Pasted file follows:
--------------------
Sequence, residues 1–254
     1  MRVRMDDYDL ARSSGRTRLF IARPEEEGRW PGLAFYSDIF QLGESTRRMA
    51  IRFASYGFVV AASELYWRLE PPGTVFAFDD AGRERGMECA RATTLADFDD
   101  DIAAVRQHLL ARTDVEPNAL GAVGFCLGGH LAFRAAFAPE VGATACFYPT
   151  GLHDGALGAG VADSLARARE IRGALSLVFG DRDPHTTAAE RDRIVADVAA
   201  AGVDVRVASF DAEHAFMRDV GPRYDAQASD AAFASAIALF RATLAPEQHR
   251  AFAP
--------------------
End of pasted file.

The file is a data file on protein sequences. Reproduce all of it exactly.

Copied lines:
Sequence, residues 1–254
     1  MRVRMDDYDL ARSSGRTRLF IARPEEEGRW PGLAFYSDIF QLGESTRRMA
    51  IRFASYGFVV AASELYWRLE PPGTVFAFDD AGRERGMECA RATTLADFDD
   101  DIAAVRQHLL ARTDVEPNAL GAVGFCLGGH LAFRAAFAPE VGATACFYPT
   151  GLHDGALGAG VADSLARARE IRGALSLVFG DRDPHTTAAE RDRIVADVAA
   201  AGVDVRVASF DAEHAFMRDV GPRYDAQASD AAFASAIALF RATLAPEQHR
   251  AFAP